Rolling Stone Magazine has uncovered a shocking charge against a prominent U.S. general in Afghanistan.
According to the magazine's sources, Lt. Gen. William Caldwell, a three-star general in charge of training Afghan troops, ordered psychological warfare experts in his command to perform psychological operations (psy-ops) on American senators in order to secure more funding.
Rolling Stone reports:
Over a four-month period last year, a military cell devoted to what is known as "information operations" at Camp Eggers in Kabul was repeatedly pressured to target visiting senators and other VIPs who met with Caldwell. When the unit resisted the order, arguing that it violated U.S. laws prohibiting the use of propaganda against American citizens, it was subjected to a campaign of retaliation.
"My job in psy-ops is to play with people’s heads, to get the enemy to behave the way we want them to behave," says Lt. Colonel Michael Holmes, the leader of the IO unit, who received an official reprimand after bucking orders. "I’m prohibited from doing that to our own people. When you ask me to try to use these skills on senators and congressman, you’re crossing a line."
According to documents obtained by Rolling Stone, as well as interviews with members of the psy-ops team, the list of targets included senators John McCain (R-AZ), Joe Lieberman (I-CT), Jack Reed (D-RI), Al Franken (D-MN), and Carl Levin (D-MI); Rep. Steve Israel (D-NY) of the House Appropriations Committee; Adm. Mike Mullen of the Joint Chiefs of Staff; the Czech ambassador to Afghanistan; the German interior minister, and a host of influential think-tank analysts.
Lt. Colonel Holmes said the general and his chief of staff specifically wanted to plant ideas in congressional delegates' minds without them knowing:
According to Holmes, the general wanted the IO team to provide a "deeper analysis of pressure points we could use to leverage the delegation for more funds." The general’s chief of staff also asked Holmes how Caldwell could secretly manipulate the U.S. lawmakers without their knowledge. "How do we get these guys to give us more people?" he demanded. "What do I have to plant inside their heads?"
The use of such tactics on American citizens is strictly forbidden.
"According to the Defense Department’s own definition, psy-ops – the use of propaganda and psychological tactics to influence emotions and behaviors – are supposed to be used exclusively on 'hostile foreign groups,'" Rolling Stone reports. "Federal law forbids the military from practicing psy-ops on Americans, and each defense authorization bill comes with a 'propaganda rider' that also prohibits such manipulation."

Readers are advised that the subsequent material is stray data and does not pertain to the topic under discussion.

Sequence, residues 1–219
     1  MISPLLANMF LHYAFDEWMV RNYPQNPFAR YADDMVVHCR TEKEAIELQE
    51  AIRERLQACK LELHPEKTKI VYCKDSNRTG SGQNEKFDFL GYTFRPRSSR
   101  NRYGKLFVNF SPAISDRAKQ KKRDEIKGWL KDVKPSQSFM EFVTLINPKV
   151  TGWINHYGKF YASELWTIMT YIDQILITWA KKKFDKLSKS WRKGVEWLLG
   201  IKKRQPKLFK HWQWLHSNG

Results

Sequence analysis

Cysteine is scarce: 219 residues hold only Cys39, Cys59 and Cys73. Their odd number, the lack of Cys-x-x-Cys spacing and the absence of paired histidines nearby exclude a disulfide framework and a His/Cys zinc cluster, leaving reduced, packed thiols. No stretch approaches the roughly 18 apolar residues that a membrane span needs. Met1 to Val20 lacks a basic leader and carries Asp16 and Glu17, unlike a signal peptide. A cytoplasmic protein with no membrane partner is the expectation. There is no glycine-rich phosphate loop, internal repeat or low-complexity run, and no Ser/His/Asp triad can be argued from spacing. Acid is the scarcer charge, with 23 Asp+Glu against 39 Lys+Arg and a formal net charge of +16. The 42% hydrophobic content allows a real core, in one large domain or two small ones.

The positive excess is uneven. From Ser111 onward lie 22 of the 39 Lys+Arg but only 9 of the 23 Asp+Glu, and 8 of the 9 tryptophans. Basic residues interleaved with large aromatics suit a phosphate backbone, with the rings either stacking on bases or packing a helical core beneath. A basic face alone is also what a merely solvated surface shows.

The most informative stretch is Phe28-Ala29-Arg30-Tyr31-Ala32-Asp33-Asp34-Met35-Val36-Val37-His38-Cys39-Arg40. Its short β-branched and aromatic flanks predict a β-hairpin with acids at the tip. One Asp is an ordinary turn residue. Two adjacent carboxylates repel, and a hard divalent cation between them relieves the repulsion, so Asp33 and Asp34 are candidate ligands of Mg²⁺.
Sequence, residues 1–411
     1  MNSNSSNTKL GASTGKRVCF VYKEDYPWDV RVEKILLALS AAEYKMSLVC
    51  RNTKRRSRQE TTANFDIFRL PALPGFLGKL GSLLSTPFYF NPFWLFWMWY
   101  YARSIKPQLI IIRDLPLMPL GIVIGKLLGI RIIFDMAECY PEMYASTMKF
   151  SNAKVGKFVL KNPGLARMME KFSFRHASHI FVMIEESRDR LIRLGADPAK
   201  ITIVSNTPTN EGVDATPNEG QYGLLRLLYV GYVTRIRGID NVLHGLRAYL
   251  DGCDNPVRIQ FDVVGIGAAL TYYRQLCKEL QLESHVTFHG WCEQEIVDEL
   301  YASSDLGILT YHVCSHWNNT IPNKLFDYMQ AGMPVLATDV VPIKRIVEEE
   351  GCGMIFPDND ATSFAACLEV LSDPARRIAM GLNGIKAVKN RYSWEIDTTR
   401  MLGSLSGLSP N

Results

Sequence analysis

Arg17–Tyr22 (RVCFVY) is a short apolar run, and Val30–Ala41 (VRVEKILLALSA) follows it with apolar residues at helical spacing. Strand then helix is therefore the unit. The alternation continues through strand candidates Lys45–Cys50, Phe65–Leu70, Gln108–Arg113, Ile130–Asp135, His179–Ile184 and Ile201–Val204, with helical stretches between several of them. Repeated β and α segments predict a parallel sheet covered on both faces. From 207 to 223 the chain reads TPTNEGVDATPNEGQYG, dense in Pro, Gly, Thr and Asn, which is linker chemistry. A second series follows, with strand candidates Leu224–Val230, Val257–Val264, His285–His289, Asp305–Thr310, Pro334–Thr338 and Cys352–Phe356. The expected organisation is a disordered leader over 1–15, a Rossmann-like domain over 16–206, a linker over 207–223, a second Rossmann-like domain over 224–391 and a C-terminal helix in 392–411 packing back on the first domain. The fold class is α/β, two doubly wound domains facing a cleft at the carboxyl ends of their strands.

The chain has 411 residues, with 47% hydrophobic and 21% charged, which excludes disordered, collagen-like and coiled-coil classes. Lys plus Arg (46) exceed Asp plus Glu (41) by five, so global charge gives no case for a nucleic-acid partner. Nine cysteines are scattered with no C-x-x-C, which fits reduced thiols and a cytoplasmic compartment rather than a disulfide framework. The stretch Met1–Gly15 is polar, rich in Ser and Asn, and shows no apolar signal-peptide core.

"Everyone in the psy-ops, intel, and IO community knows you’re not supposed to target Americans," one veteran member of another psy-ops team who has run operations in Iraq and Afghanistan told the magazine. "It’s what you learn on day one."
Holmes eventually consulted a JAG lawyer, who agreed the tactics were inappropriate. But after Holmes directed his concerns up the chain of command, he was eventually put under investigation for, among other things, Facebook posts -- it's a move he says was retaliation. The investigation ended in an official reprimand for conduct.
A spokesman for Caldwell said the general "categorically denies the assertion that the command used an Information Operations Cell to influence Distinguished Visitors."
As for the the alleged tactics, it's unsure if they worked. However, Rolling Stone notes Caldwell has asked for more money, and one of his supposed targets has become one of the biggest cheerleaders for the funding:
What is clear is that in January 2011, Caldwell’s command asked the Obama administration for another $2 billion to train an additional 70,000 Afghan troops – an initiative that will already cost U.S. taxpayers more than $11 billion this year. Among the biggest boosters in Washington to give Caldwell the additional money? Sen. Carl Levin, one of the senators whom Holmes had been ordered to target.
Rolling Stone has broken a big story about a general in the past. Its report on former Afghan commander Gen. Stanley McChrystal over the summer, and his comments about president Obama, led to his ouster. That story recently won an award.